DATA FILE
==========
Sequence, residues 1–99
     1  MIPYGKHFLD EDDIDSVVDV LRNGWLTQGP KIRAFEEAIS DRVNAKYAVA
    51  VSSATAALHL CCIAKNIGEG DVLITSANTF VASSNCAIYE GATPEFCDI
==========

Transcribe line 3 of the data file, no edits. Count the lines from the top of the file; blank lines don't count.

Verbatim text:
    51  VSSATAALHL CCIAKNIGEG DVLITSANTF VASSNCAIYE GATPEFCDI